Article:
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  • 6 Oct 2020 14:04 | Anonymous

    We often don't hear about those Australian companies that have successfully negotiated Licence Agreements with Norwegian companies. But one shining example is that of Australia's Great Southern Technologies (GSWT) and Norways's Energos Technology AS.

    Our member, Great Southern Waste Technologies (GSWT), is an Australian company, co-owned and co-founded by its Managing Director, Mr Craig Gilbert and supported by GSWT CFO Mr Bill Keating, who successfully negotiated a Licence Agreement with Norwegian based Waste to Energy (WtE) technology supplier Energos Technology AS, to exclusively deploy this proven technology in Australia.

     The Energos patented technology has extensive and well proven history in operations, and most importantly, functions exceptionally well and far below all prescribed limits for emissions under current EU Emissions Directives, those emissions limit’s similarly adopted by Australian Environmental Protection Agencies.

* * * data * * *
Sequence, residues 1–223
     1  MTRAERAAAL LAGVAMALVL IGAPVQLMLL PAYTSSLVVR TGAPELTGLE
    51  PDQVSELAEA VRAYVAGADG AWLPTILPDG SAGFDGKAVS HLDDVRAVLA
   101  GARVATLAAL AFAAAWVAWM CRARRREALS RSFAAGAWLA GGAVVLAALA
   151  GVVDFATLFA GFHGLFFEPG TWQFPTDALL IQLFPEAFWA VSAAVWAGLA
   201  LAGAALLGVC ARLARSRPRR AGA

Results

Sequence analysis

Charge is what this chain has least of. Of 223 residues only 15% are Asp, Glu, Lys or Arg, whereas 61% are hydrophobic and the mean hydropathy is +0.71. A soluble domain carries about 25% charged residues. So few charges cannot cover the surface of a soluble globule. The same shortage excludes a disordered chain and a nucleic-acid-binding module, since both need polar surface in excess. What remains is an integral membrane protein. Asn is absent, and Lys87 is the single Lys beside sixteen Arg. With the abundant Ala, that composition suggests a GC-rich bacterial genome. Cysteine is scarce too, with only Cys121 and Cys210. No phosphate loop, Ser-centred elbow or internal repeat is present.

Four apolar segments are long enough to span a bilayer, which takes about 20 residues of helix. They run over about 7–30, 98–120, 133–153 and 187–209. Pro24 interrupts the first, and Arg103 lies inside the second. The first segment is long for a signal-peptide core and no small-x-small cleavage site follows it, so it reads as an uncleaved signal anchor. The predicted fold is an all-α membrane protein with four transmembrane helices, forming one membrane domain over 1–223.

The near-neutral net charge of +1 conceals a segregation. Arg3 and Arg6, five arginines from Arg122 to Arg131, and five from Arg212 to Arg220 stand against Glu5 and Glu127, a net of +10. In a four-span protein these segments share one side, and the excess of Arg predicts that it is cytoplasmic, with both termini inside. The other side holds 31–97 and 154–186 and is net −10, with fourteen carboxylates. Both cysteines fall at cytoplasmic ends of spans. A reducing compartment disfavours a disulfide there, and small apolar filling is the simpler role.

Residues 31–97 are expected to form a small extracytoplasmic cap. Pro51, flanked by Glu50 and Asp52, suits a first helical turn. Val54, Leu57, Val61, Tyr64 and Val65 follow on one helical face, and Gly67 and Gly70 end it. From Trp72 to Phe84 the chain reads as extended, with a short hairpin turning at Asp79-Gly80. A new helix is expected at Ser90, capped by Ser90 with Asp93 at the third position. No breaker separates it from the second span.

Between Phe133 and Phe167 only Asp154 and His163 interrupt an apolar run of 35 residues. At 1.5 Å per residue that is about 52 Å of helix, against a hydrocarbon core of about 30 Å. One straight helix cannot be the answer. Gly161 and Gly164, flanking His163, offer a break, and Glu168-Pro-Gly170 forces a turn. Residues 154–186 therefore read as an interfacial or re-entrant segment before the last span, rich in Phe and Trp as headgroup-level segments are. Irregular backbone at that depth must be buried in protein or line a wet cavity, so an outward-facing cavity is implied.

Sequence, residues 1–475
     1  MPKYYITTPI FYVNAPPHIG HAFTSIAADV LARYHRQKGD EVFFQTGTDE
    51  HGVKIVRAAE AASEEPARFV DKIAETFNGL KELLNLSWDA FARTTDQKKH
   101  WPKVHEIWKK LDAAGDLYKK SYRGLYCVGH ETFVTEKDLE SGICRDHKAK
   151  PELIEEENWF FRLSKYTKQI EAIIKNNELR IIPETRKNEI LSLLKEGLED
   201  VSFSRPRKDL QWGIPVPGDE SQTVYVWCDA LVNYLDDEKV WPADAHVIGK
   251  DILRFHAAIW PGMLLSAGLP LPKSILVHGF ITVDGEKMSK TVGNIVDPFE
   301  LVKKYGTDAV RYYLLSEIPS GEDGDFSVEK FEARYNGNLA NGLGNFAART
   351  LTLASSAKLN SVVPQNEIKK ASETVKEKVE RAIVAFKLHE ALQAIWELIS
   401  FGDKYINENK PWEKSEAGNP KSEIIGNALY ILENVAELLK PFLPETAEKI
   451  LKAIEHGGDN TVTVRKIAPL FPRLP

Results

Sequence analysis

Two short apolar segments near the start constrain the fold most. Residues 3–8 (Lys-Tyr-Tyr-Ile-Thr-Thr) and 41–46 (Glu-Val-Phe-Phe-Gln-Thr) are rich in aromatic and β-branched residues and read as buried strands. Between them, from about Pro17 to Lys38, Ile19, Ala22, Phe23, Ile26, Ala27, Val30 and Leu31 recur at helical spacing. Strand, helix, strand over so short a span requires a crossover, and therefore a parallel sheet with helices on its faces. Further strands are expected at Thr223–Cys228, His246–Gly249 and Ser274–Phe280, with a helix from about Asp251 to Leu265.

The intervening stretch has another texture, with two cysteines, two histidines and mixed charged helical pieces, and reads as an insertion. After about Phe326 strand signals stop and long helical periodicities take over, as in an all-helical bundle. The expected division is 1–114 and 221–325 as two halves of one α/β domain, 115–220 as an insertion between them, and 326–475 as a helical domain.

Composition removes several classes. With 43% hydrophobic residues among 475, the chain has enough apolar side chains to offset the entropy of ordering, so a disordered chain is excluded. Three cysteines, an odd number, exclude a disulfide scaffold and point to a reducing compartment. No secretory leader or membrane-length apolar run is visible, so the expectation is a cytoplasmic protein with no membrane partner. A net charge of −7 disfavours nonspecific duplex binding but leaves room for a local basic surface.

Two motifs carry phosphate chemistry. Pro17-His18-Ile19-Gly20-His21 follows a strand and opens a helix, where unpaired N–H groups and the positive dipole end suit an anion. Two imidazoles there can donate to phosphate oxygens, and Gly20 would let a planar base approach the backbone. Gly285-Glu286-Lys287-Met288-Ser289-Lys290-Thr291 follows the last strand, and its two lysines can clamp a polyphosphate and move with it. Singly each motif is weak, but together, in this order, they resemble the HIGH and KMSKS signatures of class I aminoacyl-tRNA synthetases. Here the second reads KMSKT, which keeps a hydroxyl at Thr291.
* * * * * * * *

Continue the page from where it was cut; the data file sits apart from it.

Currently, GSWT has a site nominated in Dandenong Victoriafor the first planned development of the Energos WtE to thermally treat ~ 100,000 tonnes per annum of household/commercial & industrial wastes and is well advanced in various stages of development.  And their Dandenong project has now received Planning Approval from Local Council.

    Environmental Works Approval from Victoria EPA has been granted, however it remains the subject of a VCAT review, brought about by Local Council. GSWT are confident that the Environmental Approval progressed by the Vic EPA (as issued) was stringently assessed from various but not limited pathways such as Environmental, Science, Chemistry, Emissions & Human Health.

    To find out more, take a look at the full copy of the Environmental Approval accessed here as well as the summary document.

    Although various concerns have been raised by community groups, as WtE is generally a new concept in Australiait is not an incinerator, but rather a two stage gasification process.

    Craig and his team are making sure that extensive Stakeholder and Community engagement are ongoing and will continue.